Moorings & marinas
A Cannes marina in July or August is the kind of place that you’re most likely to see celebrities like Rihanna swanning about on their superyachts. There are two large marinas in Cannes proper, Port Pierre Canto and Port of Cannes, or the Vieux Port (Old Port) as it is also known. There are also two small marinas-Port de la Pointe Croisette and Port Mourré Rouge, both for smaller vessels.
If you can’t find a berth in Cannes itself, you have several nearby options, the closest ones being the decent-sized marinas at Golfe Juan and La Napoule, and a very large one at Antibes with thousands of berths. Of course, if you don’t want to shell out berthing fees at all, there are some great anchorages just offshore at the Isles des Llerins (Cannes Islands). These islands are almost uninhabited, and their quiet forests and tranquil coves prove a calming respite from the lights and action of Cannes
Port Pierre Canto
The most sought-after marina in Cannes, Port Pierre Canto has 600 berths and accepts yachts up to 70 metres. Located on the Croisette Boulevard on the Pointe Croisette it is a very pretty marina with good amenities. With all the facilities of a large modern marina, including WIFI, water, electricity, and amenities, as well as a fuel dock. There are plenty of dining and drinking establishments within a short walk. For Cannes restaurants, bars and nightclubs, check out our local guides.
Port of Cannes/Vieux Port
Also called the ‘Old Port’ because of its location in the Old Town, Port of Cannes/Vieux Port marina offers 650 berths for yachts up to 65 metres in size. The largest yachts are moored on Albert Edward Pier and Quay Saint Pierre, and there’s a pontoon network for smaller yachts extending to the north.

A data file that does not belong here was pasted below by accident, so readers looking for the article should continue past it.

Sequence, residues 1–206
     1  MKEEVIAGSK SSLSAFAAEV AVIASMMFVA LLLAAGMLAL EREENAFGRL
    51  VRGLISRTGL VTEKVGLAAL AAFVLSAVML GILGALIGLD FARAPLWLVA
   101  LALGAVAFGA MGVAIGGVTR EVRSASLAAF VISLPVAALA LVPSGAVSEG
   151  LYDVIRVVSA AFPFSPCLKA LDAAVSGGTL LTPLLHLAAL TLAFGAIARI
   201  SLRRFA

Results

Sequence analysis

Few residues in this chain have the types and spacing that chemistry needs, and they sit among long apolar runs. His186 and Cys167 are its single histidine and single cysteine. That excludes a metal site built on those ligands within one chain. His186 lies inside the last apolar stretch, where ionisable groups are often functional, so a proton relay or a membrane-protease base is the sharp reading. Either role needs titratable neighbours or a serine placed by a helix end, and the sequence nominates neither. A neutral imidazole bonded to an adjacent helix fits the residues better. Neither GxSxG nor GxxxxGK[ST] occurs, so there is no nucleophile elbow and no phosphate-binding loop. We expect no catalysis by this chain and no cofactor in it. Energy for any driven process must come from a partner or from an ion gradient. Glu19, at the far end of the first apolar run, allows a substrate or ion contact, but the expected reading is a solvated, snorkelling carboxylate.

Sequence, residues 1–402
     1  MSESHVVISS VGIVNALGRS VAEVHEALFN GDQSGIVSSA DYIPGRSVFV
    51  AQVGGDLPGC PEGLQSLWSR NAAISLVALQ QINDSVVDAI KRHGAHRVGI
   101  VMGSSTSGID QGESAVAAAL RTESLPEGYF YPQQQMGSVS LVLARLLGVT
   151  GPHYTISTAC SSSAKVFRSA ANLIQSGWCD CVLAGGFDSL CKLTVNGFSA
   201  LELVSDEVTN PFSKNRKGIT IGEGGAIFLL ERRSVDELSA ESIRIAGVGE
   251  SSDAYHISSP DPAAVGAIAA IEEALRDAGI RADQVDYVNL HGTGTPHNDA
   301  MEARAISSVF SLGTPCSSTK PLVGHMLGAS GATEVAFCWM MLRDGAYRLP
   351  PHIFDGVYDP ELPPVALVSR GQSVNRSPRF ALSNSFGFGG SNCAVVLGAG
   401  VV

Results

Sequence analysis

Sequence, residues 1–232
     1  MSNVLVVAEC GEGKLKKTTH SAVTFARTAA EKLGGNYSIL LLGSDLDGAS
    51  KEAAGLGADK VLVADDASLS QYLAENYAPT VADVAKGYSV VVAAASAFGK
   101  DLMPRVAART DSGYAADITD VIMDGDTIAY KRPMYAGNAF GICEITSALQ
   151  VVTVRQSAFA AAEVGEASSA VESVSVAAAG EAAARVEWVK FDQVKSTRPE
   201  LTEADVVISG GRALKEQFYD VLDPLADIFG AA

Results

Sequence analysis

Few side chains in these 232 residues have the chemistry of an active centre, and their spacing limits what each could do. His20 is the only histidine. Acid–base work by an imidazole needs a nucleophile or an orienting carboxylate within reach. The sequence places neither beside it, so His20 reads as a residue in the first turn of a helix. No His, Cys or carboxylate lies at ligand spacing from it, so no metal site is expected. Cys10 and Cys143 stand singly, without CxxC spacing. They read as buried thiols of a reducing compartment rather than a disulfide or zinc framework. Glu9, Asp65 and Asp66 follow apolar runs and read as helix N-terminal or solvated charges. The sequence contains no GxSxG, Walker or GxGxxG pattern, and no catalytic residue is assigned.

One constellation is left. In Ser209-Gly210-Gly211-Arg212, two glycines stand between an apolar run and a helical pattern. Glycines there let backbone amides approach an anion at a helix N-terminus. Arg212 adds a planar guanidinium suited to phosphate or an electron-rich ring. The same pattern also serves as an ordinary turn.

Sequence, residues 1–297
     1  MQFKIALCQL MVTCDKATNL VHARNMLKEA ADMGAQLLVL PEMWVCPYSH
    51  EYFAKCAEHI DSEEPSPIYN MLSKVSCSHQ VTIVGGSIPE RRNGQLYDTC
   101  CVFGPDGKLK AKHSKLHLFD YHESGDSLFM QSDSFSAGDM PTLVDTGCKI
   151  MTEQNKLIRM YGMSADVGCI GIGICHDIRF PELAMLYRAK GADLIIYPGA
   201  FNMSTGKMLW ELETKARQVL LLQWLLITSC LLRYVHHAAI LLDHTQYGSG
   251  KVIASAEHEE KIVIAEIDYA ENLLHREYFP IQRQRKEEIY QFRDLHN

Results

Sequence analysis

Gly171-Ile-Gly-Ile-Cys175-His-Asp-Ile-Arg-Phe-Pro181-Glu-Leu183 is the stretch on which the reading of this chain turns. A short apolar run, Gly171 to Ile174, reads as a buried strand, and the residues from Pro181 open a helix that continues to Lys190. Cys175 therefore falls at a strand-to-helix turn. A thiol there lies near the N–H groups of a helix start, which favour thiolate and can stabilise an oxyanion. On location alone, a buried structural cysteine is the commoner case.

The many classic sailboats that call this port home are lined up right on the edge of the street in the old town and a walk along the waterfront in the late afternoon when the buildings shine pink and gold in the sunset and the port is clustered with wooden masts vis a must. It’s a beautiful sight, particularly during the Panerai Classic Regatta series in September when the most gorgeous sailing yachts in the world gather here.
Because this port is public and run by the Chamber of Commerce, you can’t buy a long-term lease here; you can only rent one for a maximum of one year. For more information about buying or renting boat berths, contact Mooring Spot. This port has fuel, water, electricity and amenities, as well as a ramp, shipyard and medical services. There are bars and restaurants within a few steps of the port. F
Port de la Pointe Croisette
Port de la Pointe Croisette is a very small port accommodating up to 260 small vessels. Lying just near Palm Beach and within 200 metres of Port Pierre Canto, it is a well-positioned port for enjoying the town, as well as the lovely views across the bay to the Cannes Islands and the Esterel Mountains. This marina is the departure point for regattas organised by the Yacht Club de Cannes. Here’s a time lapse of the port in the summertime.
Port Moure Rouge